You can use it when emailing customers that have asked for help. They may have emailed the wrong department, so you might have passed their information on to a relevant one.
Perhaps the following example will help you understand it better:
I sent this email to the relevant department. They have since replied, asking for more information. Can I tell them more about it?
Thank you so much,
6. I Hope You Don’t Mind, But I Shared This With
“I hope you don’t mind, but I shared this with” is another way to say “I have forwarded your email.” It’s very polite and respectful.
We recommend using it when contacting clients. It shows that you do not want to upset them by forwarding any information that might be sensitive.
It’s always best to ask first. However, in some cases, you might have to forward an email and ask for permission later.
“I hope you don’t mind” is a great way to open a polite email to find out whether it is okay for you to forward someone’s email. If you want to remain friendly with your clients, you should say something like this.
You can also review this sample email:
Dear Ms. Granger,
I hope you don’t mind, but I shared this with my boss. After all, it made more sense to send it to the management team.
7. Can I Forward This Email?
So far, we’ve only provided you with statements to show you have forwarded an email. However, what about a polite question?
Can you ask a question to find out whether someone is happy for you to forward their email?
The answer is simple; yes. You should ask if you can forward an email before doing so.
Naturally, this question works best before you forward the email to more recipients. It’s a polite and respectful way to let the sender know you plan to share their email.
This way, you can wait for the original sender to respond to your question. They will likely be happier for you to forward their email if you ask them first.
Here’s a great email sample to help you with it:
Dear Ms. Clarkson,
Can I forward this email to my colleague? I want to get a second opinion on the matter before I give you any ideas.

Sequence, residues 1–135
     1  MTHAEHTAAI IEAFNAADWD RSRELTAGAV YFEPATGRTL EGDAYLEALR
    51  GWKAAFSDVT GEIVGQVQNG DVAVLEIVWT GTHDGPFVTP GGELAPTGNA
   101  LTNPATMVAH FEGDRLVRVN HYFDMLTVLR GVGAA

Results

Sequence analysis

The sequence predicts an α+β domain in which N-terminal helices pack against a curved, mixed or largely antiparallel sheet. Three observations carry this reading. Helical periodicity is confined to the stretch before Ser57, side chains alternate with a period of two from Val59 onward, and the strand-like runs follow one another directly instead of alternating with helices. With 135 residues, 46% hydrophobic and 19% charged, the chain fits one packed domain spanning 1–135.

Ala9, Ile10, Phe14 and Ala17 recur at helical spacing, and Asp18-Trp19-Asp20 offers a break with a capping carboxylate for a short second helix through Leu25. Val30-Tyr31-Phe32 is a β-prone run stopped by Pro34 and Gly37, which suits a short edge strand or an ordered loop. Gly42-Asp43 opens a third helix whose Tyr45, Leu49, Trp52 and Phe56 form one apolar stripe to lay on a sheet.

8. [Recipient] Has Also Received This Email
If you’re forwarding an email to a specific person (like your boss, a colleague, or a business client), you can use their name. That’s why we’ve included [recipient] in this alternative.
“[Recipient] has also received this email” clarifies to whom you forwarded an email. It helps the original sender understand why you forwarded their email and what to expect from it.
For instance, you might want to forward it to a colleague. Perhaps the colleague works in a more suitable department for someone’s original query.
You could say they “received” the email to the original sender. Then, they’ll know that their query is in good hands. They should expect a more reasonable answer.
Check out this example as well:
Thomas has also received this email. He will send it to the concerned department, as he has a better connection with them.
9. I Forwarded Your Email
Finally, let’s touch on a simpler synonym for “I have forwarded your email.” Simply put, you can remove “have” from the phrase. It plays no real purpose overall.
If you want to sound slightly more conversational, write “I forwarded your email.” It keeps things more friendly with the recipient.
We recommend using it when emailing customers back. It shows you may not have an answer to help them but want to be helpful.
So, maybe you can forward their email to a colleague or your boss. After all, they’re more likely to be the “relevant person” that the customer is looking for.
Also, review this sample email:
I forwarded your email to the appropriate person. They will certainly be better suited to help answer your question.
Martin holds a Master’s degree in Finance and International Business. He has six years of experience in professional communication with clients, executives, and colleagues. Furthermore, he has teaching experience from Aarhus University. Martin has been featured as an expert in communication and teaching on Forbes and Shopify. Read more about Martin here.